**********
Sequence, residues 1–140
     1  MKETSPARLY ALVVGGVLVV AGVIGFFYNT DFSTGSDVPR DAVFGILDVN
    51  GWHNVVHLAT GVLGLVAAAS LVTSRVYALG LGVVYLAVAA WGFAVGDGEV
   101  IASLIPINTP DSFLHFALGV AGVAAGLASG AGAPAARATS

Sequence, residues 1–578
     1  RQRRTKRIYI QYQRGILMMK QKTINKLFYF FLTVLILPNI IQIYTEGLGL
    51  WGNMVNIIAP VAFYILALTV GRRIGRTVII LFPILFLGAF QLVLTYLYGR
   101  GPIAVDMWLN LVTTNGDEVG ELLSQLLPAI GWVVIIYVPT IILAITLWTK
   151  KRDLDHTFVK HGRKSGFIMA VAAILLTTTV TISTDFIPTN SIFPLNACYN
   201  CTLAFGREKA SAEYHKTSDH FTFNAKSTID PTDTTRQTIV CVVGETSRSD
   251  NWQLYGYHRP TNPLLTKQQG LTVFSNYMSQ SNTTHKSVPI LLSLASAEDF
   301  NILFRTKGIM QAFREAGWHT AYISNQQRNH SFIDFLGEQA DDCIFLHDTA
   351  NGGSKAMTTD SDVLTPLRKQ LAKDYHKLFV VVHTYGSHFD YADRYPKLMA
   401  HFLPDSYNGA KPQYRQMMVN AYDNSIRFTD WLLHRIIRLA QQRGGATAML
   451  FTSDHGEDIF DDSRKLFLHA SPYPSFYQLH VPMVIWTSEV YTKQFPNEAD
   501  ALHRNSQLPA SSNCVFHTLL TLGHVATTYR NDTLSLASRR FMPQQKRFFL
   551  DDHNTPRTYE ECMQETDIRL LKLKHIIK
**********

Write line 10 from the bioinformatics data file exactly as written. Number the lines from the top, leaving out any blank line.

   201  CTLAFGREKA SAEYHKTSDH FTFNAKSTID PTDTTRQTIV CVVGETSRSD